Continental develops next-generation 3D lidar environment model for automated driving


Continental is working on the next generation of an environment model that will deliver a seamless, true-to-life, 360° view of the entire vehicle’s surroundings – a basic requirement for sophisticated advanced driver assistance systems (ADAS) and automated driving.

To allow automated vehicles to assume control from drivers, the vehicle must continuously acquire, process and interpret data, while also acquiring and building up contextual knowledge. This is the only way to achieve sophisticated levels of automated driving that are able to master anything from straightforward freeway driving to the highly complex urban environment. A reliable environment model requires a range of information, such as other traffic, static objects, road boundaries, the vehicle’s precise location, and traffic control measures. Continental’s solution is the High Resolution 3D Flash Lidar unit, which captures and processes real-time 3D machine vision and does not contain mechanical components.

Compared with many scanner components currently in use, the High Resolution 3D Flash Lidar comprises just two key components: a laser as a transmission source that illuminates the vehicle surroundings up to distances of 656ft (200m) and a highly integrated receptor chip that is capable of recording the laser pulse transit time, which corresponds to the range from the objects. This simple yet highly efficient method allows highly accurate and distortion-free images of the surroundings to be generated with every laser flash.

“The technology provides a significantly more comprehensive and detailed 3D view of the entire vehicle surroundings, both during the day and at night, and works reliably even in adverse weather conditions,” explained Arnaud Lagandré, head of Continental’s 3D Flash Lidar segment. “A complete 3D model of the vehicle surroundings nearby or over 200m away and as close as a few centimeters, is constructed in just 1.32 microseconds, 30 times per second. The low complexity and high industrial feasibility mean that we can efficiently install multiple sensors all around the vehicle, enabling us to generate complete, real-time, 360° images of the vehicle surroundings.”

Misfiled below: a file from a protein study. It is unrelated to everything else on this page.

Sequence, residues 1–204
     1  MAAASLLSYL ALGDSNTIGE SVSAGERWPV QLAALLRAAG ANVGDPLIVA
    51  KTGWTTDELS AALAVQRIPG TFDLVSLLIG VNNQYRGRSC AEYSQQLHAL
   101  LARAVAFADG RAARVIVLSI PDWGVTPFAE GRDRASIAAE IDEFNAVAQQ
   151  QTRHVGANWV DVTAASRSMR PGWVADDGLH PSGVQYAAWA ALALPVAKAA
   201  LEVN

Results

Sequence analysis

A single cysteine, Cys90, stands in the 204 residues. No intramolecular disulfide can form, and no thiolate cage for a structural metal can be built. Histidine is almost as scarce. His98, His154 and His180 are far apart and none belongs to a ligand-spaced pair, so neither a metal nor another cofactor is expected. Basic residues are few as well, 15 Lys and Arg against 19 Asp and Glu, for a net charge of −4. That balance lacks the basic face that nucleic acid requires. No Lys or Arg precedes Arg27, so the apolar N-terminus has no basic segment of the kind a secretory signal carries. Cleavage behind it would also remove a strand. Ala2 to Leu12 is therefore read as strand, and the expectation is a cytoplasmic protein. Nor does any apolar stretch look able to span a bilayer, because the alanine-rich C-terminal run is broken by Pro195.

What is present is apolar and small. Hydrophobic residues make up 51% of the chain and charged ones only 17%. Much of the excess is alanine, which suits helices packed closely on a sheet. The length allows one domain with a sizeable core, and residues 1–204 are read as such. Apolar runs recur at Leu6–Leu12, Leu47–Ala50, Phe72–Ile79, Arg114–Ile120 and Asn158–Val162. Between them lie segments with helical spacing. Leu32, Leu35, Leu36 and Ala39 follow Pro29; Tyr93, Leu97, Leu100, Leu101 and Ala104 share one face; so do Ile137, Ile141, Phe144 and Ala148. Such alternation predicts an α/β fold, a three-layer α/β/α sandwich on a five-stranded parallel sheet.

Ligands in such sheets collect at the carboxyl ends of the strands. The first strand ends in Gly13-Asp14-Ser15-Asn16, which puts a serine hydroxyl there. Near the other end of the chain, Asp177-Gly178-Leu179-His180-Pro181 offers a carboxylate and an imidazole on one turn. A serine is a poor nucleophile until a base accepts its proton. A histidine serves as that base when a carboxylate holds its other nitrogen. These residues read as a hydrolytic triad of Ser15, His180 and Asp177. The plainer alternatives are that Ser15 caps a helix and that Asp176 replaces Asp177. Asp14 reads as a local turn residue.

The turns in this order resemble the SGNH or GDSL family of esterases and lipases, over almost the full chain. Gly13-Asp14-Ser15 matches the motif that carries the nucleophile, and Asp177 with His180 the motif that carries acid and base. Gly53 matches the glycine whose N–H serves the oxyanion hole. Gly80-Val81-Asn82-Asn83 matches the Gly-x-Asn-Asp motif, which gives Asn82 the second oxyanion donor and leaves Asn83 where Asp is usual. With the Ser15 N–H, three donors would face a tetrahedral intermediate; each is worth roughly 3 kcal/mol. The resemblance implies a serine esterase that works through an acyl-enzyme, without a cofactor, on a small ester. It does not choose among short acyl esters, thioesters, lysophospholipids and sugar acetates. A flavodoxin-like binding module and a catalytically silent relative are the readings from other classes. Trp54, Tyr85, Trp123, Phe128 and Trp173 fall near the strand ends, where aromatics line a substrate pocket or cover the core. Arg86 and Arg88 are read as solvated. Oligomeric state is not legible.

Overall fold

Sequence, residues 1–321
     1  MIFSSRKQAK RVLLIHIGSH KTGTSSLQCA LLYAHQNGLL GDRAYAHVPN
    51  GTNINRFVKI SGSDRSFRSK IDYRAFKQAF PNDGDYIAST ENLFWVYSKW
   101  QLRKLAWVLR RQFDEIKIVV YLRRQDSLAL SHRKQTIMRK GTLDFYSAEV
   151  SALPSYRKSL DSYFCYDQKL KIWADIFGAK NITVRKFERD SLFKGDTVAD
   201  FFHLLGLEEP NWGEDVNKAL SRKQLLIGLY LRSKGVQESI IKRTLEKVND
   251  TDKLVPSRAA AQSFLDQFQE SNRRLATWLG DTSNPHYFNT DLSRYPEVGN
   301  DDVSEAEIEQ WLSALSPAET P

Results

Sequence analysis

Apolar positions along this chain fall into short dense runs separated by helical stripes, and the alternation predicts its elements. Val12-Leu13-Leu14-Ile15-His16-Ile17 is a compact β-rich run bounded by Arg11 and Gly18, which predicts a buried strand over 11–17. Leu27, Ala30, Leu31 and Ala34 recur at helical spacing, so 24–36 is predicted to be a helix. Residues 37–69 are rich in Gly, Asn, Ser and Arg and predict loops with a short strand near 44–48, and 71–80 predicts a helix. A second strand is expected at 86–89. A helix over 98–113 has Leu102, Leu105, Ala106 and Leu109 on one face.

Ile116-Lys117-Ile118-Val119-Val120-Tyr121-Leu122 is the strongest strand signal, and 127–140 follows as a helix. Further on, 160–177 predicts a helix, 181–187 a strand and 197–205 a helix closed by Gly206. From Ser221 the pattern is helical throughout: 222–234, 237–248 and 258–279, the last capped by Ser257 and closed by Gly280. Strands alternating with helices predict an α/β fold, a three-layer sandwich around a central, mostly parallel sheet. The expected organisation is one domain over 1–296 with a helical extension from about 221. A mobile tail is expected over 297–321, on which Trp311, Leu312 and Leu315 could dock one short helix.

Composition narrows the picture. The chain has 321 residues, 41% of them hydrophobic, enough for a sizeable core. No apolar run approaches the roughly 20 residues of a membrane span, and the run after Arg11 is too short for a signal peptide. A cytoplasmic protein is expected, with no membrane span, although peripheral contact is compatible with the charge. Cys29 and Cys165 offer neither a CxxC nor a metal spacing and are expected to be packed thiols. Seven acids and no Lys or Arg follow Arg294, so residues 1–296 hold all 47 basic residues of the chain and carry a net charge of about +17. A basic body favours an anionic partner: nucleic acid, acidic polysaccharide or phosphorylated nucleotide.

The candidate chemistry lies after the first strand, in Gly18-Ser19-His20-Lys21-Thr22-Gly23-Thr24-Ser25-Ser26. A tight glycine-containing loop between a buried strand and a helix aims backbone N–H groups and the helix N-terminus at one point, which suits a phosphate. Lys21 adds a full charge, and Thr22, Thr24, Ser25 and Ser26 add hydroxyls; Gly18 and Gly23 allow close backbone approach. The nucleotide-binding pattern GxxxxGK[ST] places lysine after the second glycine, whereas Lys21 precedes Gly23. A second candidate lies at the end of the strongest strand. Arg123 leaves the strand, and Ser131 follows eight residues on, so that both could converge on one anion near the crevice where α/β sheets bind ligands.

Information from the 3D lidar system is fed to Continental’s new Assisted & Automated Driving Control Unit (ADCU), which is used for evaluating and interpreting the acquired data, and ultimately constructing a comprehensive surroundings model. It plays a key role in interconnecting electronic chassis and safety systems.

Michael Zydek, head of the ADCU product group at Continental, said, “The ADCU is a central element for implementing the required functional safety architecture and, at the same time, a host for the central environment descriptions and driving functions needed for automated driving. During development, we distinguish between assisted and automated driving control units. The first is a scalable control unit module for advanced driver assistance systems that, for each equipment level, offers a complete, cost-optimized package comprising sensors and a control unit. The control unit for automated driving is a powerful computer that meets the requirements of highly automated driving and focuses on specific digital structures for the environment model, the computer for ASIL D, and real-time performance.”

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Tom has edited Traffic Technology International (TTi) magazine and its Traffic Technology Today website since May 2014. During his time at the title, he has interviewed some of the top transportation chiefs at public agencies around the world as well as CEOs of leading multinationals and ground-breaking start-ups. Tom's earlier career saw him working on some the UK's leading consumer magazine titles. He has a law degree from the London School of Economics (LSE).